The Free Press, Mankato, MN

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December 25, 2011

Future uncertain for Lake Crystal man who lost home in fire

LAKE CRYSTAL — After a long gaze into the charred remains of William Doty’s Lake Crystal home and property, you’d be hard-pressed to see how it could ever recover.

The same could be said for his life. And certainly his Christmas.

Doty’s home, a few miles outside town, is about as done as done can be. After his dog tipped over a space heater in what can only be imagined as a moment of canine curiosity, Doty’s life, meager as it was, has been tipped upside down.

That happened on Tuesday. The days that followed were a blur of trying to salvage what he could from the house, which turned out to be next to nothing, and trying to figure out where to live, where to keep his pets, how to pay his bills, when he’d be able to work, etc.

“There ain’t much you can do,” Doty said, “but try and survive.”

Doty is 68 years old and still works as a truck driver. He has lived alone, though, for much of his life. He has no children. No immediate family in his life. Luckily, he’s got a few extended family members in the area, such as the Vernon Center cousin who is letting him stay there for a while.

He calls himself a self-employed trucker, and earns most of his income hauling soybean meal, beans and corn around Minnesota and Iowa.

Christmas, for him, usually doesn’t involve a lot of fanfare.

“Not much celebrating to do there by myself,” he said.

Doty has lived there for several decades. The backyard is full of vehicles, including a handful of semi tractors, and a motley collection of grills, doghouses, hubcaps, decrepit outbuildings and other items strewn about his farm site. Most of that remains as it did before the fire, although some got doused with fire hose water.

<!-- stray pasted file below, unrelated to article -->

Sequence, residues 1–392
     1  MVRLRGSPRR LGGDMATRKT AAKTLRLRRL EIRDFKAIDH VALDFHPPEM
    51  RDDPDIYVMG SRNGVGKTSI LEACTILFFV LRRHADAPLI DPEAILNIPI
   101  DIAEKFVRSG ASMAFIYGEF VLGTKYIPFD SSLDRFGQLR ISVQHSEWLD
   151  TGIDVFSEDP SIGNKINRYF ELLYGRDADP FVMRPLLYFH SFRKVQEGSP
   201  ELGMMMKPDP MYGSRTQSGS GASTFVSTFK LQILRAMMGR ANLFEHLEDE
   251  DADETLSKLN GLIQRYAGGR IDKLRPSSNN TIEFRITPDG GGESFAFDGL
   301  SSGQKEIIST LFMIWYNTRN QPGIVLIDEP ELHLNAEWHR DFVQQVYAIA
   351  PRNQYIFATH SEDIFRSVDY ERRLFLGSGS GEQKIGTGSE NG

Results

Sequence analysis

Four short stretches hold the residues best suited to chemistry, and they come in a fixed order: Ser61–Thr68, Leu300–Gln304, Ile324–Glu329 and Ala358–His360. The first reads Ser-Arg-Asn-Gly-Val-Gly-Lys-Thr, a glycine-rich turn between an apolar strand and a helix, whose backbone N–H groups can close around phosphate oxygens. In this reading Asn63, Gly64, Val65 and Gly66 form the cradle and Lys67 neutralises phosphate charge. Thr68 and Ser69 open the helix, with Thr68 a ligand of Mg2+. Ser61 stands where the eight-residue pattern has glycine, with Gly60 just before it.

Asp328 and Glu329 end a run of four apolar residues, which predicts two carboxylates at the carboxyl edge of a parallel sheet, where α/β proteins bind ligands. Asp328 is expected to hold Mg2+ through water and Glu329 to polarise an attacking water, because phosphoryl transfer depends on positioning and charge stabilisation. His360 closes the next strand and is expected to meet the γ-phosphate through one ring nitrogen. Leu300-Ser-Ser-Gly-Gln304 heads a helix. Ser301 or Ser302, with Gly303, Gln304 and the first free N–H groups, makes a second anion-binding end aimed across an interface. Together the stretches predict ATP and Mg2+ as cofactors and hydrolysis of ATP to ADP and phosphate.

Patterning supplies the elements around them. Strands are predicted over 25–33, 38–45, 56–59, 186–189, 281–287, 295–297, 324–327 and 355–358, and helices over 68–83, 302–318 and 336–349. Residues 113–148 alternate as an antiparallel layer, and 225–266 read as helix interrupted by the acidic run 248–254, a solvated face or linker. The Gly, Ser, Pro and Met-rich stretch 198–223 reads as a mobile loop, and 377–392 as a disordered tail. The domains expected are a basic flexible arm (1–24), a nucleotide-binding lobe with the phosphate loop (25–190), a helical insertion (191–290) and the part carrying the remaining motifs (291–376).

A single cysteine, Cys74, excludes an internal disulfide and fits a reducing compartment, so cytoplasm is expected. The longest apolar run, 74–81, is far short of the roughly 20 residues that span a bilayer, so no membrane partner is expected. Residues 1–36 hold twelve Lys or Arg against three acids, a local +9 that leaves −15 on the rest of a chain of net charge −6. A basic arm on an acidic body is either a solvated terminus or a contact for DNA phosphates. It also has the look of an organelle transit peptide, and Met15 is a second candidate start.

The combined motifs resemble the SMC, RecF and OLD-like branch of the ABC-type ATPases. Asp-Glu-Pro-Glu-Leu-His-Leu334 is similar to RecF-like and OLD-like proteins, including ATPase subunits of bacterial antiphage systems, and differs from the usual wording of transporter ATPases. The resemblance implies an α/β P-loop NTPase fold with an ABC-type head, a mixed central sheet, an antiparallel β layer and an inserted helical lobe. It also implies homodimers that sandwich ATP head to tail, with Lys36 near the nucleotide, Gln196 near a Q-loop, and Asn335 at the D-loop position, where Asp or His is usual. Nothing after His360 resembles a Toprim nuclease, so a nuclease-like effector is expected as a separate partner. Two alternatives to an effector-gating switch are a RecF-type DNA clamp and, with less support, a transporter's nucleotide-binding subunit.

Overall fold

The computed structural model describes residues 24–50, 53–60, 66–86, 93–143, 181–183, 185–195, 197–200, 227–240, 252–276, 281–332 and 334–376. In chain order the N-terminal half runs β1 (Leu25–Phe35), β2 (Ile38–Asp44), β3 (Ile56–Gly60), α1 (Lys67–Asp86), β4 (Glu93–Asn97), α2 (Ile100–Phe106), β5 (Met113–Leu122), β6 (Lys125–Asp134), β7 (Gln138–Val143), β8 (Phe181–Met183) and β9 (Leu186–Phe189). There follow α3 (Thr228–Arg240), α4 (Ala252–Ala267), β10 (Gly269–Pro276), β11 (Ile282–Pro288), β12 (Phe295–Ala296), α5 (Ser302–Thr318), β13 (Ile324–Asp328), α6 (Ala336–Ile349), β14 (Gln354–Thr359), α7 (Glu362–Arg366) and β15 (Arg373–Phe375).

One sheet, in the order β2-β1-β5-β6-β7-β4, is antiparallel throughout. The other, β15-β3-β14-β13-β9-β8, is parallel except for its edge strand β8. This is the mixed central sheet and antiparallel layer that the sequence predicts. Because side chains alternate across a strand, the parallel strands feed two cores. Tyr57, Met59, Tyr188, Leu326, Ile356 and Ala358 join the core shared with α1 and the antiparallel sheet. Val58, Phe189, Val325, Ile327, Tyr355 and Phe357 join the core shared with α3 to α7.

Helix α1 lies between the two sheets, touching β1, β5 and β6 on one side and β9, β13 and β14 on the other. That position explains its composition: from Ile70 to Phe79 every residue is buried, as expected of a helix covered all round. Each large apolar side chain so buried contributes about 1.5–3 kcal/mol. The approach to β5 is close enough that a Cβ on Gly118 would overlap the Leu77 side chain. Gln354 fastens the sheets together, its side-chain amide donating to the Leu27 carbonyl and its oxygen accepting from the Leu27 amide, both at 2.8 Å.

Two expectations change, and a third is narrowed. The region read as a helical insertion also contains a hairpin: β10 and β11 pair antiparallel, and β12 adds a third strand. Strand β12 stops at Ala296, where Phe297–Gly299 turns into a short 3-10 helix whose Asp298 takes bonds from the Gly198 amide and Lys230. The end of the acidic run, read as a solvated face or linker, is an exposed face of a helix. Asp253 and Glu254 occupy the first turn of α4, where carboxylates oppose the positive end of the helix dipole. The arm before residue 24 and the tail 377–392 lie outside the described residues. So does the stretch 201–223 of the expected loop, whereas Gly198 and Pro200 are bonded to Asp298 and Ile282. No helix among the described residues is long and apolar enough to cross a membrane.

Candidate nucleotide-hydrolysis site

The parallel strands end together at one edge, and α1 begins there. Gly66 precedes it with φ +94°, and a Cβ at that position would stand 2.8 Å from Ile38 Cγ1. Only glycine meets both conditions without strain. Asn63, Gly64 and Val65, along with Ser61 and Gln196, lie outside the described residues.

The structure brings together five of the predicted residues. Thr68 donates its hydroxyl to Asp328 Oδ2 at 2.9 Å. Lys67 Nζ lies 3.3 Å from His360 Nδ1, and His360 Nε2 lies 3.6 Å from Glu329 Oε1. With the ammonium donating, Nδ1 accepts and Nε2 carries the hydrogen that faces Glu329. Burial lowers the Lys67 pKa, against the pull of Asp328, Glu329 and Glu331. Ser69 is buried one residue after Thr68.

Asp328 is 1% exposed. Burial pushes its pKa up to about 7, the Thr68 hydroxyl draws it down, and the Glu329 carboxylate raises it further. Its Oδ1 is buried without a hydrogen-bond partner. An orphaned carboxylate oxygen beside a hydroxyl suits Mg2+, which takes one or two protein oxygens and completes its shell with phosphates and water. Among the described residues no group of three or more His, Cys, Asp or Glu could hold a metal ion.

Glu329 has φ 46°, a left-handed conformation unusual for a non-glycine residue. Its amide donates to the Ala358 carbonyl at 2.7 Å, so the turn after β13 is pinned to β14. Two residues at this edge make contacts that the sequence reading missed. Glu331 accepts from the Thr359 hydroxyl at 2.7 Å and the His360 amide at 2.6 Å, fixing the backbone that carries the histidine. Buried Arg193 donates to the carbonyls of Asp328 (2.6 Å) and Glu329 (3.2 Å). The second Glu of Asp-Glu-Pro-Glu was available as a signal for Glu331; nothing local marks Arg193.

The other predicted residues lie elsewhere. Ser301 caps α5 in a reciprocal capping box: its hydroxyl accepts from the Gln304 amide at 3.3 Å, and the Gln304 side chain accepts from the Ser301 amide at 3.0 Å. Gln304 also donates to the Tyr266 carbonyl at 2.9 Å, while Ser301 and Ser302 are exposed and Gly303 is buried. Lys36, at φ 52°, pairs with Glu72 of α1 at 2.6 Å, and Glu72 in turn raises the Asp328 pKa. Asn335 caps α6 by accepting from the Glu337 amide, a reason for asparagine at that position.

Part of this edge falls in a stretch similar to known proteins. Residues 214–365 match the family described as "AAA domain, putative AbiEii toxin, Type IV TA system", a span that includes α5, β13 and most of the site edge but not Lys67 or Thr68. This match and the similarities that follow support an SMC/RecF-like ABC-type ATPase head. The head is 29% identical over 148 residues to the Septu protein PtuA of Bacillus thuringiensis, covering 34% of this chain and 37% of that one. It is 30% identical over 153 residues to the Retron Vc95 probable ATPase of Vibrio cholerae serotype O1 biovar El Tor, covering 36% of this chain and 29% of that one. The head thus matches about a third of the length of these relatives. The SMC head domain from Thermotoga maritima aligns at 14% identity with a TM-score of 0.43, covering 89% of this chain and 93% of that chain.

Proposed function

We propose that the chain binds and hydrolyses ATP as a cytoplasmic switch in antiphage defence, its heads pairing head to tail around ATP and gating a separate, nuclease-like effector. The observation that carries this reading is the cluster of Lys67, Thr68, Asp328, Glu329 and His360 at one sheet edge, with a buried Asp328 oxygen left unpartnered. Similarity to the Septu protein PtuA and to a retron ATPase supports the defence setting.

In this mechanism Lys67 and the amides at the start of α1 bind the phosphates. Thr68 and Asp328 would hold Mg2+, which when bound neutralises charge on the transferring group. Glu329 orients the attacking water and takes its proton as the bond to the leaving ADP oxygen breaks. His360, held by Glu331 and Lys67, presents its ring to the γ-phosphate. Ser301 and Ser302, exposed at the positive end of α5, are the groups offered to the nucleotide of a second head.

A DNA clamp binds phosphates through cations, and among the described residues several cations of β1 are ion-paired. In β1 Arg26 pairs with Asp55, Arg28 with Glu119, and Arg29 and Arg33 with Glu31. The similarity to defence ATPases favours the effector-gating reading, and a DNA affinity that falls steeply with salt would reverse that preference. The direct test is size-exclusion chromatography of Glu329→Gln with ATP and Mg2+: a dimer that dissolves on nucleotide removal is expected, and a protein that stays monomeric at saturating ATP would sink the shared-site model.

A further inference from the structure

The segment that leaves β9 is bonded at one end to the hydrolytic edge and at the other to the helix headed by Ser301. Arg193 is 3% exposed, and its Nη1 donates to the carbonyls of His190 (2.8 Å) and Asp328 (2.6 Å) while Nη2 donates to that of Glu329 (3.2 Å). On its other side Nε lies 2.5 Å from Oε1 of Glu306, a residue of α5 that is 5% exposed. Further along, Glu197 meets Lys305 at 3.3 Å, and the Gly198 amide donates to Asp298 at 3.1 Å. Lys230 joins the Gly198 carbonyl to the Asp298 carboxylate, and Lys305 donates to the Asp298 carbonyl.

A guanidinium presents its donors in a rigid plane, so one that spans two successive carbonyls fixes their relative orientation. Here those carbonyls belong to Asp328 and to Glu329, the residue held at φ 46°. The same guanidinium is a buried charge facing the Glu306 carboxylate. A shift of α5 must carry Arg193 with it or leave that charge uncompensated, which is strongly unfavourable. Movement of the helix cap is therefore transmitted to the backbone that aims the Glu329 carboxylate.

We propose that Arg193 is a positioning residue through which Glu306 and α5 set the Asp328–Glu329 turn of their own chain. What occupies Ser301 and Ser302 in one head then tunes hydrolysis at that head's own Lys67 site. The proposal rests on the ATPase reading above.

But inside the house is where the true devastation is visible. A window that faces the driveway offers a glimpse of the kind of fury a house fire brings. Doty said his home contained heirloom furniture that belonged to his mother and grandmother. All that remains of it now are the metal-wire skeleton that hid beneath the cushions and upholstery.

On the ceiling, smoke-stained icicles cling to blackened joists. On the floor, a foot of black debris, stiff from fire hose water that froze when the fire was out. It seems remarkable, surveying the damage, that any of the structure is still standing.

Doty says he had just come home from work on the night of the fire when he realized something was wrong. From the kitchen he walked into the living room where he saw that his dog, Oscar, had apparently tipped over a space heater.

He quickly grabbed some blankets and tried to smother the flames, but within minutes the fire grew fierce, and brought hellish degrees of smoke and heat. Doty ran out of the house, pulled out his cellphone and called 911.

“My house is on fire!” he recalls telling a dispatcher.

After that, he walked across the road to a neighbor’s house, where he stood and watched his home burn.

All that furniture, gone.

All the paperwork for his business, gone.

Family photos from years ago, gone.

Television, stereo, gone.

He’s also still looking for some of the handful of cats he kept in the house.

Doty says he doesn’t know what he’ll do next. Unlike most homeowners, his home was not insured. It’s not that he didn’t want insurance, he says, but that his insurance company refused to insure it because of the poor condition of the roof.

So while most of us are reveling in the holiday season, Doty is wondering where he’ll be living in a few weeks. He figures he and his two dogs can sleep in the truck he uses to haul beans and corn, at least for a while. He knows that isn’t a realistic long-term solution.

He needs help. Both the Salvation Army and the American Red Cross have reached out to Doty. But he’s wondering what he’ll do in a few weeks when the emergency donations run out, and he’s still homeless in the middle of a Minnesota winter.

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